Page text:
Vail developer says he was overcharged by $4M
Vail, CO Colorado
VAIL – Solaris developer Peter Knobel is suing his project’s construction manager after an audit that he said reveals nearly $4 million in overcharges.
Knobel’s suit, filed under his company Solaris Property Owner, LLC, alleges that The Weitz Company, LLC, committed fraud, negligence and a breach of contractual obligations.
Gerry Poye, the head of construction representing Solaris, said The Weitz Company charged universal rates and never adjusted those rates down to reflect the amount of money actually paid to subcontractors and other costs.
“Our agreement with them, regardless of what typical charging rates would be, was that all we were paying is what was actually paid out to an individual,” Poye said. “We started seeing things that had nothing to do with Solaris, being charged to Solaris.”
Poye said the charges are indefensible and completely outside of industry standards.
The Weitz Company’s senior vice president of its Denver office, Orville Hinerman, issued the following statement Tuesday:
“The Weitz Company is proud to be a part of the Solaris project; one of the finest residential resort buildings in the State of Colorado. We continue to seek a mutually satisfactory resolution with Solaris Property Owner, LLC, but cannot comment on ongoing litigation.”
Solaris, located in Vail Village near the International Bridge, is partially completed and includes condos, stores, restaurants, a bowling alley, a movie theater and a plaza.
The lawsuit, filed in Denver District Court, accuses The Weitz Company of not only overcharging Solaris, but also for misrepresenting true job costs. The suit also claims that the construction manager made many mistakes during the construction process that caused Solaris to have to pay for the same work more than once in order to fix the mistakes.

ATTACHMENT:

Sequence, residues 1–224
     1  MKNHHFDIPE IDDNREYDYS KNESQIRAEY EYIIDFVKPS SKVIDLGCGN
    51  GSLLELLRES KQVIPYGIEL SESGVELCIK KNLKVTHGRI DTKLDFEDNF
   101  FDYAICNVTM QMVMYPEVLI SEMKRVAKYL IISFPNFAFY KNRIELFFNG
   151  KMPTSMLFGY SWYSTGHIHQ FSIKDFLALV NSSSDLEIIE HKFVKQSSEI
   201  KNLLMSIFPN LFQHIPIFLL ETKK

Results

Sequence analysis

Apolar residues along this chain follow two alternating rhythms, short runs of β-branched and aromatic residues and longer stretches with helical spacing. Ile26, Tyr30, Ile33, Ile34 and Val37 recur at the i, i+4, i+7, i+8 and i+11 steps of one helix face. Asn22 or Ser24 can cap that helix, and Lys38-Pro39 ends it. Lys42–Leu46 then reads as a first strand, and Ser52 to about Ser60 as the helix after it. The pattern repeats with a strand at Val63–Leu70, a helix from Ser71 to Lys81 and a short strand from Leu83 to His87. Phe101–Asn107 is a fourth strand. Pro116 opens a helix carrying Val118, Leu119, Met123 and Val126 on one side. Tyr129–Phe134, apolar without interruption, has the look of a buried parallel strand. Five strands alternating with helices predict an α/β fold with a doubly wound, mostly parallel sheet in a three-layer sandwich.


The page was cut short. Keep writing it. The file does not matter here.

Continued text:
Solaris hired Clifton Gunderson LLP to conduct the audit of The Weitz Company’s charging rates, compensation and overhead costs in 2008. Solaris had Clifton Gunderson conduct a second audit in 2010, which studied work performed in 2009 and projections for 2010.
Clifton Gunderson provided a report of both audits this past June, concluding that “in general, the project’s charging rates exceed the actual costs for wages and overhead.”
The lawsuit alleges that the first audit shows overcharges to Solaris between $2.5 million and nearly $6 million.
“Based on its review of the second audit and supporting materials, Solaris believes that Weitz has overcharged Solaris no less than $3,958,478,” according to the Solaris Property Owner’s complaint.
When Solaris showed the findings to Weitz, the complaint alleges that the construction company refused to offset future bills to make up for the overcharges, but rather demanded Solaris make additional payments to the company in excess of $1 million.
“It was out of left field,” Knobel said in a statement, referring to the additional charges. “We definitely did not see that coming.”
The Weitz Company also filed a mechanics’ lien against Solaris on Sept. 10 for more than $1.5 million. A mechanics’ lien provides the holder, in this case The Weitz Company, with a security interest in the construction project and the real property. It’s like a deed of trust in that it’s a recorded interest in real property that acts as collateral for payment.
Knobel said he couldn’t comment on the mechanics’ lien, but that his company wasn’t sure on how Weitz came to the $1.5 million lien amount.
The Weitz Company would not comment on the mechanics’ lien when asked about it Tuesday.
Community Editor Lauren Glendenning can be reached at 970-748-2983 or email@example.com.